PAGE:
Homebuyer tax credit comes to a close

    There are just a few hours left for potential home buyers to cash in on a federal tax credit.

    There are just a few hours left for potential home buyers to cash in on a federal tax credit.

    [audio: 100429LFHOUSE.mp3]

    Kalin McNichol is sitting at her dining room table looking at pictures of her new home on her laptop.

    “I think the number one selling feature for me was the garage.  So I had storage and a place for my car…and its’ big open living space so that you can entertain and then two decent sized bedrooms and lots and lots of closets which I’m very excited about. Lots of light, so I’m pretty excited…I’ll show you some more here…fade under…”

    McNichol has lived here on Spruce Street for three years in a beautiful open one bedroom place with hardwood floors.  Her lease is up in July.  After looking at 20 houses over two months, she settled on a two bedroom on Bainbridge Street just a few blocks away.

    She’s taking the plunge.

    “I guess I’m officially a grown up now…”

    …thanks to the incentive of the tax credit.

    McNichol is one of the first-time home buyers across the country who is entering into a binding contract by the end of the month to get a tax credit of up to $8,000.  Existing homeowners who buy a new place are eligible for a credit of up to $6,500.

    McNichol says she’s paying $365,000 for her new place, and already has plans for the money she’s saving,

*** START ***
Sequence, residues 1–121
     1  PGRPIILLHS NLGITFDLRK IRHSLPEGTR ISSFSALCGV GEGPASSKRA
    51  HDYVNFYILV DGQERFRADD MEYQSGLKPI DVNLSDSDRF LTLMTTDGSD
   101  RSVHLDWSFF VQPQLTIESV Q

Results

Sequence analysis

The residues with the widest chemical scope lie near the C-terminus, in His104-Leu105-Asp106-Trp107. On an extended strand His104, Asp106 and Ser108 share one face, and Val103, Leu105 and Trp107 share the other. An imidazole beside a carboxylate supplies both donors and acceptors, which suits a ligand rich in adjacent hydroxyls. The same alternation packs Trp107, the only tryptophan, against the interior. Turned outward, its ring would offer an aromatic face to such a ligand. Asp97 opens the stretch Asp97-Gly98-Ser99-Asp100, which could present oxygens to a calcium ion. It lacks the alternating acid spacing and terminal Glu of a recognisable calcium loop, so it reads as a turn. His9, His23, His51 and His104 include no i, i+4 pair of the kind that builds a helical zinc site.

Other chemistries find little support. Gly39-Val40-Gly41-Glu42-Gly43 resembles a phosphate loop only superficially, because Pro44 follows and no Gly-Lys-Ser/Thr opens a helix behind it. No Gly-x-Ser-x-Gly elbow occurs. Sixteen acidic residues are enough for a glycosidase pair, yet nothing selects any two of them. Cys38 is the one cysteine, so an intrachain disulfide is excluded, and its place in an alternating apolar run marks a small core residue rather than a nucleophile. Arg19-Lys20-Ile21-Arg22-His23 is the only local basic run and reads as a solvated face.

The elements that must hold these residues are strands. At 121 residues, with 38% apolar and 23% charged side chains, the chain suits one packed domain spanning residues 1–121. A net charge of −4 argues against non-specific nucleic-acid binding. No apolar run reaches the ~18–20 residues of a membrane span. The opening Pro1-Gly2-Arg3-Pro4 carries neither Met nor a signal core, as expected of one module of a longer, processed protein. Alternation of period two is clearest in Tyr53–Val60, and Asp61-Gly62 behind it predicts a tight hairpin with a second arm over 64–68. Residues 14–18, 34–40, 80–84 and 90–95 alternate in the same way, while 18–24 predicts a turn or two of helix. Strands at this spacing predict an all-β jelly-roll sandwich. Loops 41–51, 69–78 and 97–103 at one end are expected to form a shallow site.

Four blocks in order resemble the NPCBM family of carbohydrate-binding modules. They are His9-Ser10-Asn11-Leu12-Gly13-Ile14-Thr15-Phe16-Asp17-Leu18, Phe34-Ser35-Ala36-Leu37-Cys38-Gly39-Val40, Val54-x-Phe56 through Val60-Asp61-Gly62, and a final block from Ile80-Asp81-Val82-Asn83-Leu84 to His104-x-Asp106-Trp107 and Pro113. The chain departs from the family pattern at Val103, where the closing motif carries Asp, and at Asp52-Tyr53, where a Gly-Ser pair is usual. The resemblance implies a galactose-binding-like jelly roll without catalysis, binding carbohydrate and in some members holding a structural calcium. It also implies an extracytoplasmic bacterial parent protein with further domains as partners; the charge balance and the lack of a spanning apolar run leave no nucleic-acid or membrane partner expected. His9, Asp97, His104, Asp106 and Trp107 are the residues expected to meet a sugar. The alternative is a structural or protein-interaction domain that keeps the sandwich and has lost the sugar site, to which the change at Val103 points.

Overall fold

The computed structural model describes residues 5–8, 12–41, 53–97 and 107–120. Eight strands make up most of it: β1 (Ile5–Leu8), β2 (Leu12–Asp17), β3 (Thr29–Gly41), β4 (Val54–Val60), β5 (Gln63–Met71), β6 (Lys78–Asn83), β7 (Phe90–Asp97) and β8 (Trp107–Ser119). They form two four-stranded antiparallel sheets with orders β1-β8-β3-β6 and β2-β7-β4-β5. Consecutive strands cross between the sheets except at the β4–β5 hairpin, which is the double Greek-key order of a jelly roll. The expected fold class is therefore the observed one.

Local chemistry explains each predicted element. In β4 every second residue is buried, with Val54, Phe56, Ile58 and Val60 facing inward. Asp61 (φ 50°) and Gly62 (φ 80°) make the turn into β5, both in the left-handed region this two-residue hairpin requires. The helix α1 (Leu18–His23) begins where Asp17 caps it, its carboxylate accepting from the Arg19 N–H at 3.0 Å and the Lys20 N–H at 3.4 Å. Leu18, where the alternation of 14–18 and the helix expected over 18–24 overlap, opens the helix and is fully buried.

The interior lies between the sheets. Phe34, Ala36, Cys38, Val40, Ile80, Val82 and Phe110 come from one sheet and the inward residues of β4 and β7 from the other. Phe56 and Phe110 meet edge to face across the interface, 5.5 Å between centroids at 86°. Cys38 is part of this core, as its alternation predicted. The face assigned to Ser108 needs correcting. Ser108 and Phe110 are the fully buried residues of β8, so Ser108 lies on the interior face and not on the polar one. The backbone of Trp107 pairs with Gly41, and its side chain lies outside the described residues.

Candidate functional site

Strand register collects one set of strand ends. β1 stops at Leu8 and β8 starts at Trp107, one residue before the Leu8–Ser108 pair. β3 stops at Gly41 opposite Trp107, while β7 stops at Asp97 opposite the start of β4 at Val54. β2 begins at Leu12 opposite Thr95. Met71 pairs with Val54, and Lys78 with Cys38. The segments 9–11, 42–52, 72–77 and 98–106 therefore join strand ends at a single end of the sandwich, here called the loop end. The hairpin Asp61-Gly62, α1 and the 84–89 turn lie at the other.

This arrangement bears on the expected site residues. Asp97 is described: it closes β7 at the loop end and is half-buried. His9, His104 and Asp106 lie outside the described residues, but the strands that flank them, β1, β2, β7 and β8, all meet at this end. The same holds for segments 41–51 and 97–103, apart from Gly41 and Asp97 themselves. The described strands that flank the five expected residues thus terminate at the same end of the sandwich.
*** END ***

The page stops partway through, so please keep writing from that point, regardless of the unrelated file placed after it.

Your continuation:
“It’s that extra money to make home improvements that you want or to an extent I feel like it’s almost like a discount on my house.”

    Sitting next to McNichol, her broker Jeff “City” Block chimes in to say if there was no tax credit McNichol may have offered less for the house, not made an offer at all, or just taken longer to decide.

    “Right now both me personally and the agents on my team we have more stuff under contract now than we’ve had since the hey day of the market in 2006.  We have as much under contract now as we did when the market was at its absolute high.”

    How much of that is because of the tax credit?

    “That’s really the big question.  It’s actually my hope that while the tax credit has helped to spur things on, that it’s not just a frenzy based purely on the tax credit and I don’t think that’s gonna be the case…hopefully the market’s gonna continue to move forward over the next weeks, months, and even years. “

    Homebuyers looking to cash in on the federal tax credit have until June 30th to close on the home of their dreams….or at least a place with a washer and dryer.

    Econsult Corporation Vice President Kevin Gillen [GILL-in] monitors Philadelphia area real estate markets.  He says there’s a big discussion going on about so-called “shadow homebuyers” –

    “People who would like to buy a home but have been sitting on the sidelines for the past few years either because they don’t want to buy an asset that’s declining in value or because they can’t qualify for the mortage credit they need to buy a home like they could during the boom years.”

    Gillen says the tax credit has pushed people off the fence.

    “We know that it has stabilized the market because we’ve seen prices sort of bottom over the last year and activity has picked up a bit but we don’t know how much of that is true market stabilization or home pruchases that would have happened in the future after the market naturally stabilized on its own into the great and it’s at very high cost to the US taxpayer.”

    Gillen says no one knows if open houses next month will be empty without a tax credit to lure in buyers.

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